Whichever store you choose, how you shop will substantially impact your annual grocery costs. Here are some savings strategies.

Plan your meals, make a shopping list, and stick to it.

If you map out your meals in advance, you’re less likely to waste money on high-priced, low-nutrition impulse items.

Shop specials.

Unless you have plenty of time, don’t pursue specials from store to store. Instead, choose a grocer based on a weekly special and take advantage of any discounts at whichever store you hit. And consider buying in bulk if you find good deals.

Keep track of what you throw away.

Buying food that you trash adds significantly to grocery bills. Keep track of what spoils in your fridge, and buy less of it.

Cut down on convenience foods.

Wash and cut your own produce, make your own sauces, and shun individual serving packets.

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Avoid stores’ spending traps.

It’s no coincidence that impulse items are located at the ends of aisles and dairy items are at the rear—stores know that the more tempting snacks you pass en route to what you need, the more likely you’ll buy stuff you hadn’t intended to get.

Don’t shop while hungry.

Studies have shown that shoppers tend to buy more groceries when famished.

Go online for coupons.

Although you can find coupons for many brand-name items on company websites, look for more at sites like Coupons.com and RedPlum.com. Grocery stores are increasingly offering online-only coupons that customers scan in-store using smartphones or load onto their accounts in advance using stores’ websites and apps.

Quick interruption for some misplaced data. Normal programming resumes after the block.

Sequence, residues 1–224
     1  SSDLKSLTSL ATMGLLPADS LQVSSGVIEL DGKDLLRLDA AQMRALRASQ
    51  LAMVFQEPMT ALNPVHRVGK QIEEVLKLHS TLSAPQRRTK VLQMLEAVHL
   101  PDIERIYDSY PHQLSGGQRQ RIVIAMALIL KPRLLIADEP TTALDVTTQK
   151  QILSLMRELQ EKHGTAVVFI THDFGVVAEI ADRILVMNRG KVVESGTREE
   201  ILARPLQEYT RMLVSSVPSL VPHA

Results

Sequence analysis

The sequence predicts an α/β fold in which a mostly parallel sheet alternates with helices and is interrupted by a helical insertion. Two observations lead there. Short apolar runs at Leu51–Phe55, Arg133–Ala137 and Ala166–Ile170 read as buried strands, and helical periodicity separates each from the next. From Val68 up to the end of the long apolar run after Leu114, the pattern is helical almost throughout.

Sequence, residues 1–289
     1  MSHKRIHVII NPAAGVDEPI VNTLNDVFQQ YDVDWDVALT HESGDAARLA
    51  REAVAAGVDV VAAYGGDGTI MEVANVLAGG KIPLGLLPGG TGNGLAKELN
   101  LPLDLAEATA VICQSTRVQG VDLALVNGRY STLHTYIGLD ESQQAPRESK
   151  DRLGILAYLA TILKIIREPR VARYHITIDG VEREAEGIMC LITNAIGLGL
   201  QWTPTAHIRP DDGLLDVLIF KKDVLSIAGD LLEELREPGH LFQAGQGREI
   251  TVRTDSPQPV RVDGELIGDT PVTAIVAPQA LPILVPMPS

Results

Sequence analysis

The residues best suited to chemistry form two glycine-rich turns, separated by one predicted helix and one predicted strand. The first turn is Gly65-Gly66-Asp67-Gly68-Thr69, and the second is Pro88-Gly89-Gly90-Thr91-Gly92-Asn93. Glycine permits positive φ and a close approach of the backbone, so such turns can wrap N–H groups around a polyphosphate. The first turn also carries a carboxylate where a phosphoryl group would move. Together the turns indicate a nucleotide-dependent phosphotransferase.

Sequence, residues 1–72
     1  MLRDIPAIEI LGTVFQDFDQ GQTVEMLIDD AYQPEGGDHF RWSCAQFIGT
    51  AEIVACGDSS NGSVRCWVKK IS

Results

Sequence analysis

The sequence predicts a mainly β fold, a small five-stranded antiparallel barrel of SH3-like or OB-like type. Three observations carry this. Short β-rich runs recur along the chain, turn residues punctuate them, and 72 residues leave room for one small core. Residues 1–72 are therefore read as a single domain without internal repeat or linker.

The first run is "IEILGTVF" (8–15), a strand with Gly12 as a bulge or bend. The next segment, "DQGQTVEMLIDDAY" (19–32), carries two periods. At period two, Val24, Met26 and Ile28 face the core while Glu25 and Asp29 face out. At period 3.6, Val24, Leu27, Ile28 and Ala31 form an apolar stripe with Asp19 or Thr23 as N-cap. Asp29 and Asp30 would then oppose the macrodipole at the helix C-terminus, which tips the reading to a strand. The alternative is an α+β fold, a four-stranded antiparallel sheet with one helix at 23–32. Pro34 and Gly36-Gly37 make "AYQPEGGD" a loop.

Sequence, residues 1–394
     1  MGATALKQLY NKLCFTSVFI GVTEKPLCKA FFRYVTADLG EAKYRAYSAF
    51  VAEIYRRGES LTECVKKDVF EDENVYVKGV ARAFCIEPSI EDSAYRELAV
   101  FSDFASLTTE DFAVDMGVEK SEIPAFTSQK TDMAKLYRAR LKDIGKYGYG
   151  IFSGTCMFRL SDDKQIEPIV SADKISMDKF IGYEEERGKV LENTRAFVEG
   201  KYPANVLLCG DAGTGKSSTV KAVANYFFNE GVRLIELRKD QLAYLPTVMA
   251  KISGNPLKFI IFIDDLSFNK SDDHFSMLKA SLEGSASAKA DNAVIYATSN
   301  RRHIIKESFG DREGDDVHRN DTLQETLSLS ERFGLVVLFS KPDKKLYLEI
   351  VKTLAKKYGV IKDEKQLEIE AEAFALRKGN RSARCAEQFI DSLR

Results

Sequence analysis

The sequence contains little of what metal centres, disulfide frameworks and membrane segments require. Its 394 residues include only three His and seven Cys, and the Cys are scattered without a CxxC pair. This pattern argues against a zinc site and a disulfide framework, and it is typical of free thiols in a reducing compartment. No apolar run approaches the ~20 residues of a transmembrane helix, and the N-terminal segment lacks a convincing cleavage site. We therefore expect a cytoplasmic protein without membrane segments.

Consider changing your overall eating habits.

Eating less meat can save money, as can preparing international dishes that require less meat than American fare.

Use per-unit pricing to determine which products are the best values.

Try store brands.

Subbing store brands for about one-sixth of the items in our market basket cut grocery bills by about five percent.

Select sizes carefully.

Big roasts, hams, and turkeys usually have a higher meat-to-bone ratio than smaller ones. Large sizes of flour, sugar, rice, oil, and other storable staples also usually save you money. And milk is usually cheaper by the gallon. But small apples and bananas may be perfect for families with small children, and buying other smaller-sized items may save money by eliminating wasted leftovers.

Compare sizes of item-priced fresh produce.

In the same store, we have found heads of lettuce that weighed as little as 10 ounces and others that weighed as much as 29 ounces—both at the same price per head.

Examine meat carefully before you buy.

In a study we conducted to assess waste in meats, one rib steak was 88 percent lean and another was 48 percent lean; as a result, the leaner piece cost 45 percent less per lean pound than the piece with more fat.

Buy inexpensive cuts of meat and learn ways to cook them.

When you want steak, buy a roast.

Beef rib eye roast and rib loin pork roast, for example, generally cost $.50 to $1 per pound less than the steaks or chops into which they can be sliced. Simply choose a roast and ask the butcher to cut it up for you. Most butchers are glad to provide this service for free.

Compare prices of fresh, frozen, and canned fruits and vegetables.

For example, green beans and peaches might cost less fresh in season but cost less in a bag or can at other times.

Plan your menus and purchases by the calendar.

Eat citrus in the winter; apples in the fall; tomatoes in the summer.

Choose size and quality to suit your needs.

You don’t need perfect fruit for a cobbler or whole canned tomatoes for marinara sauce.

Pay attention to nutrition and ingredient labels.

They will help you buy brands of processed foods that don’t have excessive fat, water, and other ingredients with little or no nutritional value.